Beyond Behavior?


Written by:
Eduardo Blanco-Munoz

Director HSE & Industrial Risks

Lisi Aerospace, France




I was thrilled when Fleming’s producers invited me to chair a morning dedicated to the theme “Beyond Behavior” during their 14th HSE Excellence Conference in Amsterdam. Such a provocative topic! It is true that today our very understanding of the HSE function, our tools and our methods, are being disrupted by technology in ways we couldn’t have dreamed of 15 years ago: cobots, AGV, VR, big data, AI… Such are the current trends impacting our world and they will be discussed at length during the conference.

Without any doubt, technology is bringing new means and huge value to the HSE field—as it brought and keeps on bringing new concerns and possibly posing new dangers. Is behavioral safety just outdated? Well it all depends on what you understand by “behaviors”.

What could be beyond behavior when it comes to HSE? What could triumph over the choices that are made by the players involved in financing, designing, implementing, running and maintaining an operation?

If we consider all of these steps as a series of behaviors, we understand that the classical differentiation between risk mitigation means and barriers (technology, systems, and people) although very practical doesn’t make much sense. The answer to what lies beyond behaviors can’t be engineering controls or management systems as we realize that these elements are chosen or discarded, promoted or ignored by humans. I’d rather say that the engineering and managerial choices that are made upstream will determine to a great extent what will be the choices and behaviors that will be adopted down the line, by making different options more or less feasible, practical or rewarding.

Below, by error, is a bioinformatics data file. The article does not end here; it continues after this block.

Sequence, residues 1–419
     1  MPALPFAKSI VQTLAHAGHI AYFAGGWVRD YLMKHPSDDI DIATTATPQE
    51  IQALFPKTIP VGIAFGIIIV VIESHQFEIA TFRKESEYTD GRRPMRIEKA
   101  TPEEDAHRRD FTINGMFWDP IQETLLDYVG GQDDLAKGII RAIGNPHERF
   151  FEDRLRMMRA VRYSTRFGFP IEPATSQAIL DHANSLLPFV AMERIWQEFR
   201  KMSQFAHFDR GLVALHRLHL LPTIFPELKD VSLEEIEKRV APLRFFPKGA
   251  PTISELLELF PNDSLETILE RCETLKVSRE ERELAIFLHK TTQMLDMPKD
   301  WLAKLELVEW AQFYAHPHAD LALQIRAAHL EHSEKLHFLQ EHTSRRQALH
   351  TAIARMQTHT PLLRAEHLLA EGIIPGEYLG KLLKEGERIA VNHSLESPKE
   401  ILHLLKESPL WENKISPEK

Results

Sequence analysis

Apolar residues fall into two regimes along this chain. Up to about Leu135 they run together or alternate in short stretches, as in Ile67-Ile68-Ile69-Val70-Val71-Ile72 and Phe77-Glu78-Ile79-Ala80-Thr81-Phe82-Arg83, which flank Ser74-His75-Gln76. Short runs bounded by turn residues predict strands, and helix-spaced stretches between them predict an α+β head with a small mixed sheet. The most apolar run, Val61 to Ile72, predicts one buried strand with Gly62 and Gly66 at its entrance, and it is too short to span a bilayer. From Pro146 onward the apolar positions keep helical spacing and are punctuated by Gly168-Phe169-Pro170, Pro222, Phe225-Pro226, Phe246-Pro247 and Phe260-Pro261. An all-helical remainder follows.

Behavioral safety in this light is not only alive and well, but actually thriving thanks to the amazing progress made in neurosciences, psychology, behavioral economy and other related social sciences. We have now a much better insight in the role of attention, habits, routines, attitudes, values and beliefs—and how to influence those both at individual and at group level with the most effective managerial, leadership and cultural approaches.

We live in a world where technology is enabling us to challenge the limits of what’s doable in fields such as biotech or nanomaterials, but also in terms of individuals’ and social monitoring. A VUCA world where behaviors derived from overconfidence, complacency and group-thinking at all levels—from policy-making to execution—can lead to catastrophic consequences. I think in such a world the role of behaviors and the science of how to positively influence them is as prominent as it ever was.